Today I attended the first day of my third Global Leadership Summit, and it contained lots of great leaders with lots of great insight! There was such insightful content, but my main take-away was the importance of humility in leaders and a need for leaders to intentionally connect with those around them.
Bill Hybels began the summit in his usual fashion with great insight and a little joke for Canada. I found his talk on “The Lenses of Leadership” to be well though out and well structured, a great quality reflected in his book Simplify, which I’ve been recently reading. Referencing the first chapter of the book, Hybels talked about our passion buckets, and how it is the leader’s responsibility to refill their own bucket. Next he talked about the shattered lenses some leaders hold when it comes to people. High trust cultures are the most successful cultures, and “water cooler conversation” is a business killer. He gave examples of how his team has worked on the culture and moral using Lominger cards, which I plan to look in to, as they seem to be good tools to find workers’ strengths and weaknesses. His final two points reflected that the adjustment speed of the leader set the speed for the team. However, though leaders must constantly push ahead to move their team from “here” to “there”, they must be aware of the legacy they leave behind. It’s not necessarily the legacy of where they spent their time, but where they spent their energy.
Jossy Chacko was probably my favorite summit speaker today, and I took down so many notes, it’s a little difficult to sum everything up! His talk was centered on how it is our duty as Christians to multiply what God has given us. Like he said, “Don’t take your talents to heaven. Heaven doesn’t need them!”. He listed and explained three ways to expand leadership reach: enlarge your vision, empower your people, and embrace risk. He challenged us that when others hear of our vision, they should realize the size and power of our God, who gives and helps us achieve our visions. And only people with a vision for multiplying will see such opportunities around them. One such way to multiply our talents is to empower our people, however we must work on character before empowerment. Jesus knew that Thomas would doubt Him and Judas would eventually betray Him, but He gave them the chance. He empowered them to go spread the good news. Through empowerment, we can achieve amazing things. Empowerment is crucial because often entrepreneurs start a business but then become stuck and can’t move on to create greater things. That’s where a culture of trust comes in to play. Empowerment comes through relationships. Through empowerment it changes from you controlling the people to you controlling the outcome. And some risks are involved, which Chacko says we must embrace. A risk-free culture in leadership creates ineffective leaders, with the focus on preserving a position instead of using full potential. Check said “Do not let the fear of losing what you have on earth make you lose what God gave you”. And thinking about it from a Christian perspective, taking risks is just a leap of faith. Your faith shows when you trust in God and take the appropriate risks to fully utilize the talents He gave to you.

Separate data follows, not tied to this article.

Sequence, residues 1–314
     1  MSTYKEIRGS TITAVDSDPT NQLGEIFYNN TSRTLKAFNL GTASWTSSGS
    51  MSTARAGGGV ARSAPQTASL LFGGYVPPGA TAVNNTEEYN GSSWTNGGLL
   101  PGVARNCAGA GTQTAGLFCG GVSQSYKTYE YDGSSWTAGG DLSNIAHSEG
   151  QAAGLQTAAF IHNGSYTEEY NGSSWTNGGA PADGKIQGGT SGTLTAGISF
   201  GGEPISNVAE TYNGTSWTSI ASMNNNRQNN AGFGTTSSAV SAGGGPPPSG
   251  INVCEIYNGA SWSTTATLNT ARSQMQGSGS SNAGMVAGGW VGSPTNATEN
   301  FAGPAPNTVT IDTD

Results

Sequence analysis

The final two speakers I’m going to sum up quickly, though their content was just as thought-provoking as the others. Travis Bradberry talked about his research in Emotional Intelligence (EQ) and went through the themes of his book, Emotional Intelligence 2.0, which I’m currently reading and throughly enjoying. He says the “silver bullets” of EQ is 1) get your stress under control, 2) clean up you sleep hygiene, and 3) get you caffeine intake under control. If you want to learn more, I’d recommend his book Emotional Intelligence 2.0, as it is a quick, but great read. Patrick Lencioni ended the summit today with a venn diagram of the perfect team player. I haven’t been too impressed by Lencioni in the past, but his talk today made a lot of sense, and I found many examples of the types of people he described in my own life. The three main factors he built upon were Humble, Hungry, and Smart (as in “people smart”). He also has a book that looks good, and I may read that sometime in the future.
All in all, today was a great first day to the summit, and I look forward to tomorrow’s speakers and topics. Like I mentioned above, this is my third summit, and you can check out my notes and thoughts of last year’s summit here. To finish this post, here’s Bill Habel’s famous quote:
“Everyone wins when a leader gets better.”